Latin Roots in Other Languages

westminster cathedral london englandI’d recently been looking up the Latin of some old prayers, including the Lord’s Prayer (2,000-plus years is pretty old, as prayers go!), and I still had the Latin fresh in my memory when running through a Rosetta Stone session in Spanish. Learning new words is always fun, and the immersion approach of Rosetta Stone works well for me—even in a language I’ve had little exposure to, such as Spanish. But it’s still a new language to me, and there’s so much to be discovered—except when I reached the image showing a bright-blue sky and heard the recorded voice saying cielo to me.

Hang on, I know that! Pater noster qui est in caelis. Despite ecclesiastical Latin not being commonly spoken, I have it fixed in my mind that caelis is pronounced with a soft ‘c’, and so the sound is virtually the same as cielo. It’s quite a surprise when a language so very, very old jumps out at you through a modern language taught in ultra-modern methods. It caught me off guard.

But, really, it shouldn’t have. We all know that people call French and Italian Romance languages, and it’s easy to see why. Both are such beautiful languages that anything can sound romantic, especially to those who don’t know the words. And, who doesn’t know someone who has fallen in love with a Romance language, a native speaker of a Romance language, or both? Not for nothing does Paris have a reputation as a hub of romance. The fact is, though, French, Italian, Spanish, Portuguese, Romanian and several other languages are Romance languages because they share a Roman root: Latin, the language the ancient Romans spoke.

I’ve always thought everything sounds better in Latin, and perhaps the continuing popularity of composer Karl Orff’s O Fortuna! shows I’m not alone. It’s easier to experience thrilling and great music, and imagine it to be some great incantation or ancient hymn, when virtually no one knows what’s actually being sung. This extends to other media as well. Once you understand even a little Latin, though, many modern European languages become much easier to learn and comprehend. It makes me wish I had the time to learn Latin properly, but the more I want to do with my time, the less I seem to have. Virgil was right, tempus fugit. Time flies.

Learn more about Mike Hayes’s adventures in language learning.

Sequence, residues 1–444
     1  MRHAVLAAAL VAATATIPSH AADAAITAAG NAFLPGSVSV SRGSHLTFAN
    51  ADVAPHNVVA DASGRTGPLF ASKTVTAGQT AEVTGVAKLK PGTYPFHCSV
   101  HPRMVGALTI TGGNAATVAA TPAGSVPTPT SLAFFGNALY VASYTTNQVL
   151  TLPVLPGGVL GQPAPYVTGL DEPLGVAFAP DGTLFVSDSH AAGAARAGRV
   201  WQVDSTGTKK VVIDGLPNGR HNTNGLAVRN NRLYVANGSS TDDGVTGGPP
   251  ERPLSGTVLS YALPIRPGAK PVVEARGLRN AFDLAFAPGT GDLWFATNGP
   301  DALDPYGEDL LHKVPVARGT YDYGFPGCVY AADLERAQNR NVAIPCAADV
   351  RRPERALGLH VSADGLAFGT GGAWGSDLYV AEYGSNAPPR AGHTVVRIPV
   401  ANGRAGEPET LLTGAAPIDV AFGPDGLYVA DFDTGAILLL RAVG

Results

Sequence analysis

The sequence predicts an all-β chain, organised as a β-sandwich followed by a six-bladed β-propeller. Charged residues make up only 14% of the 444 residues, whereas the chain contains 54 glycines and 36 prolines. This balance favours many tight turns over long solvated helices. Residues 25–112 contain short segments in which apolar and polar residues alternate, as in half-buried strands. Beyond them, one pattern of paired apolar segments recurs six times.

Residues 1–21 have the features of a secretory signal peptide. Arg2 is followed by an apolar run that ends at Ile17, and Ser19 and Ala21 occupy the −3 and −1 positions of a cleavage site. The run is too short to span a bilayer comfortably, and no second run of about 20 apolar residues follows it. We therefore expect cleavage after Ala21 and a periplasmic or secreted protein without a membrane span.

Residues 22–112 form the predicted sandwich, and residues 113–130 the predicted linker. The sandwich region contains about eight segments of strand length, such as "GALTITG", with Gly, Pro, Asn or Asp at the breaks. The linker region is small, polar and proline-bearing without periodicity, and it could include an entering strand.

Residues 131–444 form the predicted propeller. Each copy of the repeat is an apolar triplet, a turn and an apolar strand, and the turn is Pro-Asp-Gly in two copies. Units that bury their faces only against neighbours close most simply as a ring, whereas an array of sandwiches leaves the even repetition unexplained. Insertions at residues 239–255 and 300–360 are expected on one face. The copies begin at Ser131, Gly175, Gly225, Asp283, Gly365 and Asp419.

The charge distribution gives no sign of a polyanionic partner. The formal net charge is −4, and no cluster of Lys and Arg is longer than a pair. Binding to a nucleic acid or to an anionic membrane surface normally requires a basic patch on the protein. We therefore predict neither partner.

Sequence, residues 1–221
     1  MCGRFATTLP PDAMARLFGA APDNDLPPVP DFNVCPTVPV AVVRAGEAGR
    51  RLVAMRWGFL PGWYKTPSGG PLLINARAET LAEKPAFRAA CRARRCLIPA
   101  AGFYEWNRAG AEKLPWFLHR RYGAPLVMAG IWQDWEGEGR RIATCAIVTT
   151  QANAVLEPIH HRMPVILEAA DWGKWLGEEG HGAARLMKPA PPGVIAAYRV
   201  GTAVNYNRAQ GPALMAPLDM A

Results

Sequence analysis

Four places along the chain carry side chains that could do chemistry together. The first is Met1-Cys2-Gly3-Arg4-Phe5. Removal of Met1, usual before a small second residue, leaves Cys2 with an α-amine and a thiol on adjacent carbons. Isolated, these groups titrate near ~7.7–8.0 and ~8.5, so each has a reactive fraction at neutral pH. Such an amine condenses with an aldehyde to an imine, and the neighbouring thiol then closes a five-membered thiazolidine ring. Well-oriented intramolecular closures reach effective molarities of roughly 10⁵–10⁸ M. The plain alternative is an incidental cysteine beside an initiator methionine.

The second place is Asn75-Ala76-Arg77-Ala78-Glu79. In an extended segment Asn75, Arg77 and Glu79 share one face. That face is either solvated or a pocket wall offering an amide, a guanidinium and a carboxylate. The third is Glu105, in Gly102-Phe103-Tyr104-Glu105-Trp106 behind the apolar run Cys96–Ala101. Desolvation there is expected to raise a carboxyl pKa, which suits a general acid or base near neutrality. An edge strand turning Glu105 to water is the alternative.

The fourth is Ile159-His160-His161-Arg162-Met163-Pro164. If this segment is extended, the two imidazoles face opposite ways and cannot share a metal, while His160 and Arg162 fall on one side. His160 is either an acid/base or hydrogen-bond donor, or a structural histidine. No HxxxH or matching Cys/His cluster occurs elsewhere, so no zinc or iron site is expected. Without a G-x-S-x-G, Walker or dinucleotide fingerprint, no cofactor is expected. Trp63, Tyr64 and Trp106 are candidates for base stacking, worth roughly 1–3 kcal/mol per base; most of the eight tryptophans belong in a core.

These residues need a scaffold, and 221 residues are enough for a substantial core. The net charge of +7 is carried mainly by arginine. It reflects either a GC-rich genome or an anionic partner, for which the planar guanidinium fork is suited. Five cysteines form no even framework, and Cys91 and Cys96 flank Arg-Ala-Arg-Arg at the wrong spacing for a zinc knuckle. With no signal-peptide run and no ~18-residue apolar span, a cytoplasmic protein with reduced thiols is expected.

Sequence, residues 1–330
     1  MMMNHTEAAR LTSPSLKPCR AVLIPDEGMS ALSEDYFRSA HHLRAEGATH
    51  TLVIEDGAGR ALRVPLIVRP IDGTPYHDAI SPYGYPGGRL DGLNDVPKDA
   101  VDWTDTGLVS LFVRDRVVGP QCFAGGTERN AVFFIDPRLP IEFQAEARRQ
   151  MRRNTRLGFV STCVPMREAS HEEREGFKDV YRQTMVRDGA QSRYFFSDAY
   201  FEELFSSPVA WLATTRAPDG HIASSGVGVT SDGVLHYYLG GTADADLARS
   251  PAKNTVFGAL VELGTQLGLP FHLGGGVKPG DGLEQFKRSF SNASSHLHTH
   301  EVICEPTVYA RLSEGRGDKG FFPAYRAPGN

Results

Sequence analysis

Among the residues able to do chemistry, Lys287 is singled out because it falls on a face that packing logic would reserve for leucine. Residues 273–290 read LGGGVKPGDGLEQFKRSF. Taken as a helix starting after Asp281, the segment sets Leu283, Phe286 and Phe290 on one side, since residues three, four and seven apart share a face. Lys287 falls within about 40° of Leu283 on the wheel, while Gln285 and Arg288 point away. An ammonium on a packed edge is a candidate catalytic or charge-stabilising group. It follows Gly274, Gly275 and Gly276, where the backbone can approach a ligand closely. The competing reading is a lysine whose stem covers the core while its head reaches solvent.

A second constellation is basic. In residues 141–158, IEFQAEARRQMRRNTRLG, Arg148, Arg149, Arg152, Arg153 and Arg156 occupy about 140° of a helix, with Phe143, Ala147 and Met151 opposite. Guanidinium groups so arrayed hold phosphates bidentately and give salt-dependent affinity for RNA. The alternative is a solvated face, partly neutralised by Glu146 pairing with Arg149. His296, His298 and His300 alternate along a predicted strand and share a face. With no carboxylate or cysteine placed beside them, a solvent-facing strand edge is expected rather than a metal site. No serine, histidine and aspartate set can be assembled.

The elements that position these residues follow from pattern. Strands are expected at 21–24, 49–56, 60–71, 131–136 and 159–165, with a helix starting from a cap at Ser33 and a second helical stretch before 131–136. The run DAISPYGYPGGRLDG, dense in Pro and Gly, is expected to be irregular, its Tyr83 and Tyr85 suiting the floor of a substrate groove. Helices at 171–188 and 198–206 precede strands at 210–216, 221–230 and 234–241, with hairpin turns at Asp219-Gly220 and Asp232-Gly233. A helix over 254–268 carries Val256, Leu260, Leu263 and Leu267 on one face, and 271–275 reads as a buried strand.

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Mike Hayes

Raised in London, England—a city of many languages—Mike Hayes grew up in a bilingual household, learning English from his father and German from his mother. He studied French and German in high school and has since forgotten much of what he learned, but he retains a love of languages and an aptitude for learning them. Since meeting his girlfriend, Mike has been determined to become fluent in Filipino (Tagalog), her native language, so he can better understand her friends and family. In addition to studying Filipino with Rosetta Stone, Mike also supports the charity Pusong Pinoy (Heart of a Filipino, http://pusongpinoy.org). The grassroots organization’s posts on Facebook and on its own website often allow him more exposure to Filipino language and culture, and he looks forward to the day when he can understand all the Tagalog text posted on these sites and elsewhere. Mike is also learning Latin American Spanish to expand his horizons and, hopefully, his career opportunities. What started simply as a means to an end has quickly become an active interest. Mike has wondered more than once where the time went after sitting down to Version 3 Rosetta Stone, with which he’s learning both Filipino and Spanish. He‘s sure, though, that since the time was spent learning languages, it hasn’t gone to waste. As learners studying Latin with Rosetta Stone already know, it’s how you lose the time that matters: sed fugit interea fugit irreparabile tempus.
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